On the side of the church inside the garden are the names of all the children that were killed in the massacre and their ages. Most were under 12 years old. The youngest child killed was 2 days old though there was a pregnant woman in her third trimester who was found with the murdered women. While many names are on the wall several children’s names will be forever unknown. Entire families were killed in the massacre and the names of their children are not known. They are listed on the wall as “Son of…” or “Daughter of…” while others are listed “Grandson of…” or “Niece of….” However, there are also several children who are listed only as “Name unknown.” It’s sad to think that these beautiful children suffered such a horrible death and we will never know who many of them are.
After the tour was over we thanked Trinity. Today I learned that Trinity’s grandparents, aunts, uncles, and her father were killed at the massacre. She is now part of a group of 10 women who run the El Mozote Foundation which helps keep the area maintained and ensures the story is still being told. Then we walked to the little artisan store that’s run by the women of the Foundation. My mom got a water bottle holder and a pair of earrings and I bought a book about the department of Morazán during the Civil War. (The town of El Mozote is in the department of Morazán). Soon it was time for our next destination.
Trinity in front of the new church
The Children's Garden
In 1992 in this place the remains of 148 people were found,
140 of whom were under 12 years old.
All who were found are now buried in this monument.
The top name reads: Nina (nombre no conocida)
Girl (name unknown)
She was 13 years old
The names and ages of some of the youngest children.
The youngest shown on this plaque is 3 days old
Showing us a mural on the other side of the church
The bells from the old church
Another abandoned building
We continued on to the Sapo River because Luis recommended it and we’d never been to this particular area before. It was a beautiful area with lots of water. We walked around for a while taking pictures and watching the water. I liked climbing around on the rocks and exploring the area. In spot area Luis pointed out an old bridge nearby that was built and used by the guerillas during the war. It wasn’t really stable so I didn’t walk across it but I did stand on it for a photo op. By then it was getting close to noon so we went to go eat lunch.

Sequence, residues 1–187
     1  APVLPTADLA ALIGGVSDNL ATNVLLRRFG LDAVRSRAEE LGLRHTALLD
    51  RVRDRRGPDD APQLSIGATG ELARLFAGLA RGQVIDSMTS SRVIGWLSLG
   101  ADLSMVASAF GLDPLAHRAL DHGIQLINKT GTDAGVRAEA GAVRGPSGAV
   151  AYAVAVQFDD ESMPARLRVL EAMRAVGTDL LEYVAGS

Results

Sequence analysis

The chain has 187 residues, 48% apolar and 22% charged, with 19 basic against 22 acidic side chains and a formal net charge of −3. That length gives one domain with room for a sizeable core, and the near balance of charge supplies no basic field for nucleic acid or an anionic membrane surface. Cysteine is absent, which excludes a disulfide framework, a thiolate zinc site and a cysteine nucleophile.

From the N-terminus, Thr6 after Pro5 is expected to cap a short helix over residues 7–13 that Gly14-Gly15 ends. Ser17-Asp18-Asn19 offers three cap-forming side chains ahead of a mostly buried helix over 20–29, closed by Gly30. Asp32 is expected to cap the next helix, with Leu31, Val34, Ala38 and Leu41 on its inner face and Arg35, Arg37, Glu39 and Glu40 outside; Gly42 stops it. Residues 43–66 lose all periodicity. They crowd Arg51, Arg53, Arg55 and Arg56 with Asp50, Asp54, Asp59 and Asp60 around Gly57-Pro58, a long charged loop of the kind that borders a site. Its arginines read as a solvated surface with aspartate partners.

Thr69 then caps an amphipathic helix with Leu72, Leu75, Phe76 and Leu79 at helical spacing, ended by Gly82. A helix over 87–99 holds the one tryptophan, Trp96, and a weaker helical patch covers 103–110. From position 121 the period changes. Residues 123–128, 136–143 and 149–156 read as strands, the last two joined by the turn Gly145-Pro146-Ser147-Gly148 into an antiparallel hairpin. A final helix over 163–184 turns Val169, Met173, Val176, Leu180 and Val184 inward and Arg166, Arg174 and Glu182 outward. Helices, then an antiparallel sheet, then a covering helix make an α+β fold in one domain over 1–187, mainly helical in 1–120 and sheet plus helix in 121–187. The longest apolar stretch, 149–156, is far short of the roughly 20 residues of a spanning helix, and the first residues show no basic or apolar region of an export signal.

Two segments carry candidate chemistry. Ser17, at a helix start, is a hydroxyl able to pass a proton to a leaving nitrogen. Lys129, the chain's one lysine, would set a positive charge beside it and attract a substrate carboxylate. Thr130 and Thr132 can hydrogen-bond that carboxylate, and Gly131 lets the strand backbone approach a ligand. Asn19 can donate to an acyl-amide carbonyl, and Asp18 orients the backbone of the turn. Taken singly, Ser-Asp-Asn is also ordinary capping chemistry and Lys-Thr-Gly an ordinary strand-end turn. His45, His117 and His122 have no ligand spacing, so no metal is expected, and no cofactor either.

The Rio Sapo
The bridge we were just on
Blanca & Idalia
Matt and I by the river
We love it here!
It's almost time to head back
A bridge used during the war by the guerillas
It's an old bridge
I didn't go all the way across
because Luis said it was unsafe
Lunch at Perkin Lenca
We ate lunch at our usual spot: Perkin Lenca. It felt good to sit down and have a rest. I ordered my usual which is a Coke, steak, and French fries. The steak here is not at all like steak in the US, especially Iowa steak. It’s thinner and usually much more well-done. The meat here needs to be cooked longer to kill any bad things in the meat. Before the meal they brought out some fried tortillas pieces and beans. Yum! Then the meal came. It was all delicious and I scarfed down my food. Afterwards I bought some of the cookies they make at the restaurant that I really like. By the time we were ready to leave it had started raining. We hoped for the best and got back into the microbus.
Storm clouds rolling in
At the restaurant
Perquin: Museum of the Revolution
Our next stop was the town of Perquin. Perquin was under guerilla control during the Civil War and was known as part of the “red zone”. First we visited the Museum of Salvadoran Revolution. It contains documents, articles, pictures, and artifacts that belonged to the guerillas during the Civil War. The museum was founded by ex-combatants and attempts to recount the experiences of the guerillas. I asked if we could take photographs even though they have never let us take pictures inside the museum before. And I was pleasantly surprised when our guide said yes! This was a first. I whipped out my camera and took pictures of all the things I’ve wanted to take pictures of in the past.